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A hospital in New Jersey would have exposed thousands of patients to HIV and hepatitis



Thousands of patients in a New Jersey operations center will need blood tests to ensure that they have not been exposed to dangerous, blood-borne diseases such as HIV.
Image: David Silverman (Getty Images)

Christmas Gift: A warning that you may have been exposed to dangerous blood diseases such as HIV and viral hepatitis during hospital treatment. [NBC News] On Tuesday, NBC News reported that the HealthPlus Surgery Center in Saddle Brook, New Jersey, sent letters to more than 3,700 patients who visited from January 1 through September 7. According to the letter received by NBC News, a New Jersey Department investigation revealed that HealthPlus employees often did not properly sterilize surgical instruments between uses or otherwise neglected infection control procedures] "So far, there have been no reports of Infections or diseases related to the examination, "the letter said. "HealthPlus and the New Jersey Department of Health, however, recommend that you have blood tests for hepatitis B, hepatitis C and HIV."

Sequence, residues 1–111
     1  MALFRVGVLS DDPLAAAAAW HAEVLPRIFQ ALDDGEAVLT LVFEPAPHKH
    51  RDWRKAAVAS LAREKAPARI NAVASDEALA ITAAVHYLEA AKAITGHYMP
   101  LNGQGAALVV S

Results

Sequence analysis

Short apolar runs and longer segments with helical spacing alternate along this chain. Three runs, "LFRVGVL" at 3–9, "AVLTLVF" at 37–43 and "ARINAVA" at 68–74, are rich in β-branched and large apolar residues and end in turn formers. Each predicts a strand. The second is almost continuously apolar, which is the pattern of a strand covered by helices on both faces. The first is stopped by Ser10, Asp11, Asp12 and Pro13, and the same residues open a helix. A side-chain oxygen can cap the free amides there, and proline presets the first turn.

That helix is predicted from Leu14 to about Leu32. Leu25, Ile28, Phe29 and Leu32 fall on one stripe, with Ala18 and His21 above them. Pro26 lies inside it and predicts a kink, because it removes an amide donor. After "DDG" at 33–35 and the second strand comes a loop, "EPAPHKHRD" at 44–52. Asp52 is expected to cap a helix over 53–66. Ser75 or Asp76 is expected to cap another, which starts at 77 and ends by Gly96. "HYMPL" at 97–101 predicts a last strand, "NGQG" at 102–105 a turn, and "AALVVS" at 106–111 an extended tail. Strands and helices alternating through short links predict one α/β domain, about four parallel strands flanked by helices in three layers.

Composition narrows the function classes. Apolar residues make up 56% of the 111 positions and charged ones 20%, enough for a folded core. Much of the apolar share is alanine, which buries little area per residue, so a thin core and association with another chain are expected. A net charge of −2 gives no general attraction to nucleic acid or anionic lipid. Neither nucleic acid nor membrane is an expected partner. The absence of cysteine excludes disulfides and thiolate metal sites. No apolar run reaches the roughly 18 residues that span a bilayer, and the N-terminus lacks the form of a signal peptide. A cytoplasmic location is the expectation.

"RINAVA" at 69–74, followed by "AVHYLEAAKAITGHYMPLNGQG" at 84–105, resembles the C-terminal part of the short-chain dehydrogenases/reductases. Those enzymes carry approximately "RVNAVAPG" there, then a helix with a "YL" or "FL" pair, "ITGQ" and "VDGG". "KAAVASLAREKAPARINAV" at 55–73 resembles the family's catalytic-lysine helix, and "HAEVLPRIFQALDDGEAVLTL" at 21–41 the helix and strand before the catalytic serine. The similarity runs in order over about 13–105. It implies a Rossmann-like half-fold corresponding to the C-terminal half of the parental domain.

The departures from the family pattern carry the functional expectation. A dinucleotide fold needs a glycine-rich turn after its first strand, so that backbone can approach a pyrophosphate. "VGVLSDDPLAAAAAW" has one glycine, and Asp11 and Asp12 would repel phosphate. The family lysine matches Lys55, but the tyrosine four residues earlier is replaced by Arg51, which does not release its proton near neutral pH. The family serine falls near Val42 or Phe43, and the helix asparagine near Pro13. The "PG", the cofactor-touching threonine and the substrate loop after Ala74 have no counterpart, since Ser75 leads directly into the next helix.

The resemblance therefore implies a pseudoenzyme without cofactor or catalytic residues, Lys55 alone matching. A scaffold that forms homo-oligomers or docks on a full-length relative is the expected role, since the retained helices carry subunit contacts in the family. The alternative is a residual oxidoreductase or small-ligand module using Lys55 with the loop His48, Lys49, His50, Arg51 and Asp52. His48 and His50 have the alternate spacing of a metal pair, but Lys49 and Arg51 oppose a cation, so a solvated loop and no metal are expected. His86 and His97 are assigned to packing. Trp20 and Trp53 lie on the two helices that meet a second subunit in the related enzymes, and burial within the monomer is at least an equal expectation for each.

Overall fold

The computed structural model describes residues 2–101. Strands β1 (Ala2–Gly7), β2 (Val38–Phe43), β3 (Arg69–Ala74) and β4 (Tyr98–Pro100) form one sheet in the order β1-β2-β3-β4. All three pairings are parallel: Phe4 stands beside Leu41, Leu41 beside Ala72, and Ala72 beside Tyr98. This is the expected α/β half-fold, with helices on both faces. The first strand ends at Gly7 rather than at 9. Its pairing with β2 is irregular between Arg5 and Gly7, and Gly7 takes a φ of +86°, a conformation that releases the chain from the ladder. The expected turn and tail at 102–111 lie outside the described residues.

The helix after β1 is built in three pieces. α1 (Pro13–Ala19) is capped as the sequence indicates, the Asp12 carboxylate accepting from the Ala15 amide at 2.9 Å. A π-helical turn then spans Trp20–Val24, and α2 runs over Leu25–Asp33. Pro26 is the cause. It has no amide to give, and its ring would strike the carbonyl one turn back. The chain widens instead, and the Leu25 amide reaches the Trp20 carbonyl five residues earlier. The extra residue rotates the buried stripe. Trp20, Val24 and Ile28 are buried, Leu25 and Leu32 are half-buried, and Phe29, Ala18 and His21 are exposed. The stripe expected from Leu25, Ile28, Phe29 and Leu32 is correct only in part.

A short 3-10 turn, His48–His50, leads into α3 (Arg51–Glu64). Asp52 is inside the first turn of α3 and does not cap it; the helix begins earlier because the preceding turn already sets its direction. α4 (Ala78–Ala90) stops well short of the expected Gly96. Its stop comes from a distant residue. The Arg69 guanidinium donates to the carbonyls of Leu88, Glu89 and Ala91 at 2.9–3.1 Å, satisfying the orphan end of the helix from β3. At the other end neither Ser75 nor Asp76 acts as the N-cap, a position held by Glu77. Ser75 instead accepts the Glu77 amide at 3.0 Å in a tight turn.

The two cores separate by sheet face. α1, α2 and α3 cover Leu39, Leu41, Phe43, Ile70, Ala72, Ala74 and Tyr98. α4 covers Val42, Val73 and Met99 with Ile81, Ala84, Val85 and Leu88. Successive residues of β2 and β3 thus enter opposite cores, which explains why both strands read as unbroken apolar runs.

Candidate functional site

The need for a test is particularly important because initially, all three diseases do not cause any symptoms. and acute symptoms may look like a flu or cold when they occur. However, both hepatitis B and C can become chronic dumb infections, while HIV infection is currently incurable and can only be managed with lifelong antiviral therapy. An untreated chronic hepatitis B and C infection can lead to permanent liver damage, liver failure and cancer.

It is unclear what prompted the first investigations by the New Jersey Department of Health. On September 7, the agency ordered the plant to close. The center was reopened later this month after it said it had recruited and trained new personnel, repaired medical equipment and improved infection control procedures.

All blood tests are covered by the center for free. Patients may visit certain locations in New York and New Jersey to receive a test provided by the center, but patients visiting their doctor for the test may be required to pay a copay or deductible to be reimbursed by the center.

[NBC News]


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